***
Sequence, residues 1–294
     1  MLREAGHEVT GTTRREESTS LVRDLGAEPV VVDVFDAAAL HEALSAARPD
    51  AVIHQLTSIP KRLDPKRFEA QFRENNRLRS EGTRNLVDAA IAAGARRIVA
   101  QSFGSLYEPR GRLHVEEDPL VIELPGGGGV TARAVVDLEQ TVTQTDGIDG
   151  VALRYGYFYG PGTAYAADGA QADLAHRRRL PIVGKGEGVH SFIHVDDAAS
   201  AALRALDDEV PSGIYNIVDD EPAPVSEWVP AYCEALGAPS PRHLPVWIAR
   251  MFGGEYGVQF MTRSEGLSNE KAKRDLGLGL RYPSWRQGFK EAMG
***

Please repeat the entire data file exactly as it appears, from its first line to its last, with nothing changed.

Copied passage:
Sequence, residues 1–294
     1  MLREAGHEVT GTTRREESTS LVRDLGAEPV VVDVFDAAAL HEALSAARPD
    51  AVIHQLTSIP KRLDPKRFEA QFRENNRLRS EGTRNLVDAA IAAGARRIVA
   101  QSFGSLYEPR GRLHVEEDPL VIELPGGGGV TARAVVDLEQ TVTQTDGIDG
   151  VALRYGYFYG PGTAYAADGA QADLAHRRRL PIVGKGEGVH SFIHVDDAAS
   201  AALRALDDEV PSGIYNIVDD EPAPVSEWVP AYCEALGAPS PRHLPVWIAR
   251  MFGGEYGVQF MTRSEGLSNE KAKRDLGLGL RYPSWRQGFK EAMG